Intern Abroad

Living in Madrid

July 19th, 2022 | by
  • Data Science M.Sc.
  • Spain, Madrid
  • March 2022 – June 2022


My experiences:

Spending some time in Spain as always been on my mind, so I was really happy to finally realize it. I spent about four months in Spain and in the following I will share my experiences about living in Madrid, finding and organizing an internship and my overall personal experience.

I lived in Chueca, which (together with neighboring Malasaña) is a major destination for gastronomy and night life. On the one hand, it is great because it has a lot going on and represents diversity and LGBTIQ-friendliness. It has a central location both for walking to many parts of central Madrid as well as convenient public transport connections. On the other hand, it is expensive and did not really have a neighborhood-like feeling because it is very crowded and to my impression is really anonymous. It offers many fancy restaurants and shopping opportunities, which did not correspond too much to my preferred price segment and atmosphere though.

My favorite neighborhood is Lavapiés which is more multicultural and offers more affordable options for going out. However, accommodation there is also scarce and my recommendation for a flat would be to also consider other areas which are well connected with public transport and which have their own local atmosphere without an abundance of tourists.

As activities, I can recommend hiking and climbing in the nearby mountains. The villages of Cercedilla, El Escorial and Manzanares El Real can be reached with public transport and offer great hiking. For climbing, I was lucky to join a group of climbers of the alpine club of the Autonomous University and could profit from the good atmosphere and the carpooling within that group.

Apart from the outdoor activities and all the museums and interesting places inside Madrid, I also want to recommend doing day trips by train to the cities Toledo, Segovía and Ávila.

Finding and organizing the internship was not so easy because the planning horizons of the companies that I talked to were not clear. For example, I found a company which would have employed me, but in the end there was a shortage of projects in my desired time period. In general, the insecurity due to the pandemic situation made many companies reduce their internship activities. Moreover, I wanted to avoid a pure home office position, which ruled out some start-ups/IT-companies which do not even have office spaces anymore.

Apart from using job platforms, I eventually found my company by browsing through Madrid’s universities, their spin-offs and cooperating research and development institutes. In particular, these are more used to employ interns because in many study programs in Spain there are obligatory internships which seem to have additional funding.

However, in my case, I was the first person to come from abroad and that is why the amount of questions, uncertainties and organizational issues was relatively high. Neither to me nor to my contact person at the institution was clear at the beginning whether I would need to get a NIE (foreigner identification number) or a social security number. As my host institution could pay me a small salary, I eventually tried to obtain a NIE. This turned out very difficult because there were no appointments available at the foreign affairs office and police in Madrid. For several weeks, I checked the corresponding web page daily and could not get an appointment. Even though, I felt to have understood the system (that new appointments are entered into the system on Mondays around 12PM, still the demand by other and technical obstacles where high). In the end, I decided to travel more than 100km to the neighboring province of Ávila (as mentioned above it is a pleasant day out though) and managed to get an appointment and my document there. From then on, the procedures went relatively smoothly (apart from smaller struggles setting up a bank account).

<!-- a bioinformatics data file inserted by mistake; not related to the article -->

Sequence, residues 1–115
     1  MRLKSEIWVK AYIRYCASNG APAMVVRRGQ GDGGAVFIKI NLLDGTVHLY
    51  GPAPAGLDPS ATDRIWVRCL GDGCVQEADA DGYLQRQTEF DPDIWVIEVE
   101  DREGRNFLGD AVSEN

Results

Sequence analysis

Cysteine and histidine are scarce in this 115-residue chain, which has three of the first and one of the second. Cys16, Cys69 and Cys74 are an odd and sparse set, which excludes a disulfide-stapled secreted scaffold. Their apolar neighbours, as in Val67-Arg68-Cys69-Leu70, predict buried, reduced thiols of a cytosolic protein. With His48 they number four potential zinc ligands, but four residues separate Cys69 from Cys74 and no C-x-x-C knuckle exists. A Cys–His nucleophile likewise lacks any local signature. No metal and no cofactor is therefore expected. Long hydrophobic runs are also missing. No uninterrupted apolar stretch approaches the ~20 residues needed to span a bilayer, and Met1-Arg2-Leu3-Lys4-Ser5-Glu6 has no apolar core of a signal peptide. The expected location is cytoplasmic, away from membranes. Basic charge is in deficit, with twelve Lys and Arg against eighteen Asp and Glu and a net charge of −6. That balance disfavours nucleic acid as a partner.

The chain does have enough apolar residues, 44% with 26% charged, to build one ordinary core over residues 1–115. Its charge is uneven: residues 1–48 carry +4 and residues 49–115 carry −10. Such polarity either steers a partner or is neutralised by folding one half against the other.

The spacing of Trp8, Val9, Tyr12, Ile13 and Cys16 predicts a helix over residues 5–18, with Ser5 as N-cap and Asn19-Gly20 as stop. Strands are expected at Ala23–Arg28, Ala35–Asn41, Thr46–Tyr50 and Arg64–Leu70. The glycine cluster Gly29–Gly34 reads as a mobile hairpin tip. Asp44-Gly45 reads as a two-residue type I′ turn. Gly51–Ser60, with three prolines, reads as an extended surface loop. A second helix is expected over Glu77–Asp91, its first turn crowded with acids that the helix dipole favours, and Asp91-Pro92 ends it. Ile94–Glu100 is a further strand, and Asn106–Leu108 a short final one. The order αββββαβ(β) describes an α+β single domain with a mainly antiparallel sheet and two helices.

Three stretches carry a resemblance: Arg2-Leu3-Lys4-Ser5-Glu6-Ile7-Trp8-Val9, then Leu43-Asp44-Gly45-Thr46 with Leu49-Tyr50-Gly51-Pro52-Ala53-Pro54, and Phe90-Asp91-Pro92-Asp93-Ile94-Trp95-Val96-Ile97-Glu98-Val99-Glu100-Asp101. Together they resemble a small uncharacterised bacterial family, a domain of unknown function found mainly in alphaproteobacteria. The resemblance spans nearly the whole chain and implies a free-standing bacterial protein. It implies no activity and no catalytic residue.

The work itself started smoothly and I felt well-prepared from my studies and previous work experiences.  The team met on two days per week in the office, the remaining days I mostly worked from my room.

I worked on data analyses and machine learning model improvements that the team had always had in mind, but could not find the time themselves for. Therefore, my work was on the one hand useful and providing insights to the time, but on the other hand always a bit separated from what the colleagues were doing. Moreover, my actual supervisor was very busy and partly away, so I was somehow not sure who to ask certain things and who decides the next steps, but I recommend to just not hesitate and ask in the group chat etc.

A peculiarity for me was that some colleagues did not have breakfast at home and that the culture of long coffee breaks (including breakfast) is imported. My colleagues worked rather long hours, but still did not let them stress too much and I appreciated to have a good and social atmosphere.

My overall experience was positive, however, it was more difficult than expected to get socially involved. This is the disadvantage of a big city and that people in my case are having their routines and private lives. In my case, sports and university associations were the solutions to get to know people. In total, I leave Madrid with some positive memories and rich in experiences, however looking forward to environments with more close people and friends.

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